The Financial Express

Saving rivers from plastic pollution

Rahima Aktar | Published: February 23, 2020 20:57:10 | Updated: February 24, 2020 21:32:04

Saving rivers from plastic pollution

The news item on densely plastic polluted Karnaphuli riverbed is really a strong warning as it shows a threat to environment of the country. The riverbed of Karnaphuli is covered by polythene and plastic materials and dredging is hampered due to plastic and polythine waste layers. The research conducted by BUET (Bangladesh University of Engineering and Technology) revealed that Karnaphuly's riverbed from 2 to 7 metres is covered by polythene and plastic materials.

The 'Sadarghat to Bakaliar Char Dredging' project, which started in 2018, is now hampered because the dredging machine could not work on riverbed as plastic materials clogged up the head of cutter suction of the dredger.

Bangladesh is a country of rivers and rivers contributed immensely to the economy and people's livelihoods. Karnaphuli river is the lifeline of economic activities, thanks to heavy urbanisation and industrialisation in the past 30 years. It is the major seaport of the country, which is located on the right bank of Karnaphuli river. The whole country is dependent on this port, Chattogram port. But Karnaphuly river is the worst victim of uncontrolled pollution and lack of proper waste management which actually posing a serious threat for the country and environment.

The Karnaphuli river is linked by 37 canals which dump wastes including polythene materials. The Chattogram city does not have proper sewage treatment plant. The city has approximately 6.0 million people who produce 2500 tonnes of waste and dumped in open landfills. All household wastes, unhygienic sewage water and those 2500 tonnes of wastes are thrown to the Karnaphuli river. Besides, uncertified vessels release spilled oil which is also causing immense pollution to the river. This has been a major concern for the nation.

Concerns over plastic pollution are growing as plastic causes immense biodegradable pollution especially for marine life. Now we could see how the rivers are rapidly dying due to use of plastic, especially single use plastic bags. It's time to ban single use plastic. Otherwise, our life will be more endangered.

On January 6, 2020, the High Court ordered the government to ban single-use plastic products in coastal areas, hotels, motels and restaurants across the country within a year as these are hazardous for human health and environment. The court also ordered the government to strictly enforce the ban on polythene or throwaway plastic bags across the country through regular market monitoring and closure of polythene manufacturing factories.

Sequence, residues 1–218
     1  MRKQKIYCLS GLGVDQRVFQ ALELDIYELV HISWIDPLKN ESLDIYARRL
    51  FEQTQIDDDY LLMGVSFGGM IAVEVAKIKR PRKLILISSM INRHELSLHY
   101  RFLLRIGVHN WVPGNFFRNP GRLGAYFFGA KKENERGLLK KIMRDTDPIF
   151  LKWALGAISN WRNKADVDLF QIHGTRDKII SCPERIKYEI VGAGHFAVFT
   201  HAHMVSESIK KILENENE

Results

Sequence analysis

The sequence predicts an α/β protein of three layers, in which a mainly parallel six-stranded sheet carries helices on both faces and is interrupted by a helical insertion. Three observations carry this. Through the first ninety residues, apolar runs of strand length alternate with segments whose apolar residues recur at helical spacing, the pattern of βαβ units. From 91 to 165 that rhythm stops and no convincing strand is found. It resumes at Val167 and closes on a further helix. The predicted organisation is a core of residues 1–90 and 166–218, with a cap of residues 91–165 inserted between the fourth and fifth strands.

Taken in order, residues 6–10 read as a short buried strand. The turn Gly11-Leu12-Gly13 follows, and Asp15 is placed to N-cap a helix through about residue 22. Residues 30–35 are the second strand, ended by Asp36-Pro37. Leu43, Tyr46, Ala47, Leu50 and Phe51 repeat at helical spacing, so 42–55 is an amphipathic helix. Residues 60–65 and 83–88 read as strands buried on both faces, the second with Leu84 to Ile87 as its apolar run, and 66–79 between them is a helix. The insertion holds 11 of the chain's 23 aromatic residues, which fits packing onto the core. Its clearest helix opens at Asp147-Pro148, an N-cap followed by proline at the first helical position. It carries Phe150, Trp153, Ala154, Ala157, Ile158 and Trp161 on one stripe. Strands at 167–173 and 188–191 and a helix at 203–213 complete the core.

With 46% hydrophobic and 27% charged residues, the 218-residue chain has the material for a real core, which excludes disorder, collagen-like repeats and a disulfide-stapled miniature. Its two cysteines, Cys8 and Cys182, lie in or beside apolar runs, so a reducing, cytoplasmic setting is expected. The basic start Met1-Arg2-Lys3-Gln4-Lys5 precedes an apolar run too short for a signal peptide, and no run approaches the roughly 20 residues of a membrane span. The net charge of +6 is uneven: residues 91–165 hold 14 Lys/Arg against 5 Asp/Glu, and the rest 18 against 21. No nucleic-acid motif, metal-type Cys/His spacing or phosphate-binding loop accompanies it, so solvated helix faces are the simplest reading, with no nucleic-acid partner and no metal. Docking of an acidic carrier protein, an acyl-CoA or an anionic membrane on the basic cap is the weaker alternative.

To curb the use of plastic, the government should strictly ban polythene. Single use plastic materials production must be banned so that none can use it. All grocery, restaurant, roadside restaurant and beverage shop should be monitored so that none of them can sell or buy single use plastic materials.

All national and multinational companies, especially international beverage companies have to take initiative to stop production of drinks and bottles, which are using single use plastic. Multinational beverage companies can reduce plastic use significantly by using alternatives to plastic bottles and the government has to take initiative so that they don't pack their products in single use plastic materials.

To save the river Karnaphuli as well as all other rivers in the country from pollution, it is necessary to ban plastic immediately.All canals that are connected to the rivers and work as source of dumping plastic and wastes, must be cleaned regularly. City corporations must take initiative for waste management properly. On top of that, a strong awareness-raising campaign should be carried out. Through schools and colleges, we need to teach and raise awareness about harmful effects of plastic pollution and hazards so that children and adults are all aware and make good habit of avoiding use of single use plastic. Moreover encroaching on river banks or free land of rivers must be stopped and strong legal action should be taken against any kind of encroachment.

We can follow the example of India which has banned such use of plastic materials. We need to remember that the Karnaphuli river is contributing to exports and imports of Bangladesh and the source of livelihoods of many,, many people. Our readymade garment sector is heavily dependent on the Chattogram port as all products are exported and raw materials imported through this port.  If the riverbed is covered, ships will face increasing difficulties in entering the port area and thus the country's export and import trade would be hampered. All other rivers of the country should be taken care of and saved from the disaster of polythene pollution so that we can save our marine life and save ourselves from serious health and economic hazards.

Rahima Aktar is an expatriate Bangladeshi, working in a German Fashion Brand, in Germany.



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